2.50
Hdl Handle:
http://hdl.handle.net/10755/166358
Category:
Abstract
Type:
Presentation
Title:
African-American Women's Explantory Models of Weight
Author(s):
Allan, Janet
Author Details:
Janet Allan, PhD, University of Texas Health Science Center School of Nursing, San Antonio, Texas, USA, email: allanj@uthscsa.edu
Abstract:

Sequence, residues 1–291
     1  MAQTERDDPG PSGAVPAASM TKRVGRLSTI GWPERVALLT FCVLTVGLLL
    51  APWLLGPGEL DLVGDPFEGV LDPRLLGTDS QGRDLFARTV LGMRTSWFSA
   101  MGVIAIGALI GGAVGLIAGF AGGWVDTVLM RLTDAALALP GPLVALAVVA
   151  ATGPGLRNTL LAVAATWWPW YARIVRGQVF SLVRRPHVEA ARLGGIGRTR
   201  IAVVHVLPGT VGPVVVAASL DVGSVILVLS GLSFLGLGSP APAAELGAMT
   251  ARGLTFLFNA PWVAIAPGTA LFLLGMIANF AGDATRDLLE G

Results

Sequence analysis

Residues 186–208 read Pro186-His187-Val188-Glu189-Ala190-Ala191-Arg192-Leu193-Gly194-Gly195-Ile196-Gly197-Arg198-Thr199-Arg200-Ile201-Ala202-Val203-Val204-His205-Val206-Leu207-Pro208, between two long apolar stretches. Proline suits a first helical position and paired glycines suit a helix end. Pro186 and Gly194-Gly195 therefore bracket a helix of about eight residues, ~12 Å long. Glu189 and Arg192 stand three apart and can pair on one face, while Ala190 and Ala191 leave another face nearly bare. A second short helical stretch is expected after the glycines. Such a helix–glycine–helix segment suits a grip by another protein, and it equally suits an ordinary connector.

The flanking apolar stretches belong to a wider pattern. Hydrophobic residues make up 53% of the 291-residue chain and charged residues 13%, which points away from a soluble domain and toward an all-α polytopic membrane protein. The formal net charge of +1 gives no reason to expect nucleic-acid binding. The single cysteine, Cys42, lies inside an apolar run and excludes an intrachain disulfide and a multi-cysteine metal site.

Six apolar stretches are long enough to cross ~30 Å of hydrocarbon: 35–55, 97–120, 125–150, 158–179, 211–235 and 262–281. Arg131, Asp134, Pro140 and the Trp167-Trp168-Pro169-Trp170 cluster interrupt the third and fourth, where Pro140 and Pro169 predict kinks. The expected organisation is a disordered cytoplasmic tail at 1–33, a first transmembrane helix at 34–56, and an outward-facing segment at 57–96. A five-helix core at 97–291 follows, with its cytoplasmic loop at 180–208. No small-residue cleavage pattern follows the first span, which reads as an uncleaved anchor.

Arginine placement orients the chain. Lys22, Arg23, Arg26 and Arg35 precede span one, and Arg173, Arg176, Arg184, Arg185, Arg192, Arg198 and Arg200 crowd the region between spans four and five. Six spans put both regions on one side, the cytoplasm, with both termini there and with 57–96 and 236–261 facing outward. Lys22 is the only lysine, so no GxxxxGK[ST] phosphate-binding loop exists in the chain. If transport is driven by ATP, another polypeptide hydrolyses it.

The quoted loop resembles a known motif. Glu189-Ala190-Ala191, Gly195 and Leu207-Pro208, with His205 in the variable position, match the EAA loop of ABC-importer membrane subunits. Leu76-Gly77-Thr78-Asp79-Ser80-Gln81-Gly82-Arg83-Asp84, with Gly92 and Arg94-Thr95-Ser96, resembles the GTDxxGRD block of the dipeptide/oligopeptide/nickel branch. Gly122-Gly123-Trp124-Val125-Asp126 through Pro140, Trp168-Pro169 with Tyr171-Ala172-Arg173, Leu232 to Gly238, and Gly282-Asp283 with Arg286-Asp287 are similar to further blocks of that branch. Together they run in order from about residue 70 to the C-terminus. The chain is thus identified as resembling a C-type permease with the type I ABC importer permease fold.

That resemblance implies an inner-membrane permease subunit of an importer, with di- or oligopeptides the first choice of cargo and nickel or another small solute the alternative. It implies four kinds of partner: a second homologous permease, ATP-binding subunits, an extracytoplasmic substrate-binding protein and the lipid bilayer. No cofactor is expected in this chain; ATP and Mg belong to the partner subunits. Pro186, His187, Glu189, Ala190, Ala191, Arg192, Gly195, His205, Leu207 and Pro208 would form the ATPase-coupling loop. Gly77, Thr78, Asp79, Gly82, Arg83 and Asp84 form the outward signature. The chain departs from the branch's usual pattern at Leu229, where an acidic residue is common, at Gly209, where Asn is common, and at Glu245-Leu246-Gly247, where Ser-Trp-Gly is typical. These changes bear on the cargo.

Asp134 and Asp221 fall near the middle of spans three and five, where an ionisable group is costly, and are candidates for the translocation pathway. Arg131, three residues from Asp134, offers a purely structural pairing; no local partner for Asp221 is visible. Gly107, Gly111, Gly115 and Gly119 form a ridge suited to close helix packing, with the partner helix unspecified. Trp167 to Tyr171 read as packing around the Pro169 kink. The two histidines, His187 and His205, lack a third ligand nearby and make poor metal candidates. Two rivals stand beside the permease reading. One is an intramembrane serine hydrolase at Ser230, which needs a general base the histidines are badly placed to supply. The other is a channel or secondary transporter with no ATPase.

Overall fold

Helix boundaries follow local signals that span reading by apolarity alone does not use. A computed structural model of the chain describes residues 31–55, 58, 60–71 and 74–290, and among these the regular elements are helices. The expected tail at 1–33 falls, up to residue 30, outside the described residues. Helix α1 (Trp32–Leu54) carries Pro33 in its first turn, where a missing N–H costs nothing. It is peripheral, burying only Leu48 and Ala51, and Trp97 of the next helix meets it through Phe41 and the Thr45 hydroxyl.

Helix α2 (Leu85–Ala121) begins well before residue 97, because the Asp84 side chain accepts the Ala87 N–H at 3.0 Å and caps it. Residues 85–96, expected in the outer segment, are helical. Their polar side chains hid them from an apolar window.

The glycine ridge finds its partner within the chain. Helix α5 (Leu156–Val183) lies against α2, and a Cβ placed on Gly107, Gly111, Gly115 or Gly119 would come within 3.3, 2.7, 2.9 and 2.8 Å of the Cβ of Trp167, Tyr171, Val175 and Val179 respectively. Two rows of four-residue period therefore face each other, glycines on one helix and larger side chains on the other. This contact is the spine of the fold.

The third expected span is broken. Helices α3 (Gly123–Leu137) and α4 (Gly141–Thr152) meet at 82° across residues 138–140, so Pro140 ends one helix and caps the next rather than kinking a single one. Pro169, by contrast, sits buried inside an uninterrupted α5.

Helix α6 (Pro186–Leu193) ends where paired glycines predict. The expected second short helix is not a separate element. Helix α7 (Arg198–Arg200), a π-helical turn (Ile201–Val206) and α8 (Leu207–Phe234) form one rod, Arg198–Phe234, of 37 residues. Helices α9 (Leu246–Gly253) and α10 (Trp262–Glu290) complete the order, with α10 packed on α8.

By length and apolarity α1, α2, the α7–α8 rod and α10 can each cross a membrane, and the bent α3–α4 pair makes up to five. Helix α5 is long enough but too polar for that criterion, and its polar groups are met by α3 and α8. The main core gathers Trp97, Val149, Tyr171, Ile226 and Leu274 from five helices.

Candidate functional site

Of central concern to practice and research in women's health is the high prevalence of overweight and obesity among women. A 1991 national survey (NHANES-III) reported that 48.6% of African-American women were overweight. This paper uses data from multiple intensive interviews with 20 middle class and 20 working class African-American women to describe participants' explanatory models of weight and the relationship between these models of weight and weight management activities. The conceptual orientation for this cultural-ecological study is based upon two concepts: 1) explanatory model (EM); and 2) coping. Explanatory models (Kleinman, 1980), as aspects of health beliefs, represent how an individual classifies and interprets his/her own health experience. This concept enabled exploration of women's culturally based explanations for causes and treatment of weight. Coping (Bennett, 1976) is defined as a process through which the individual manages the demands of an environment that is appraised as stressful. This concept was used to explore women's weight management activities in a society which constitutes a stressful environment in which to manage weight. A naturalistic study design using intensive interviews and anthropometric measures was used. Snowball sampling was used to obtain a sample of 40 women of varying age, marital status and weight. All interviews were tape-recorded, transcribed verbatim, and analyzed using techniques of content and theme analysis. Results indicate that all participants have EMS of why they are normal or overweight. The most frequent EM categories of the causes of overweight were nutritional (overeating and eating the wrong foods); physiological (pregnancy, lack of exercise, and genetics); and psychological (lack of discipline and oral needs). More middle class women believed that sedentariness and the "Black Diet" caused weight gain than working class women. The linkages between EMs and weight management activities were fairly consistent with the majority of women using exercise and/or reducing high calorie foods to lose-weight. In contrast to Euro-American women and despite statements about complex stressful lives and jobs, African-American women did not identify stress or role overload as causes of overweight. Findings have implications for nursing actions related to health promotion with respect to weight.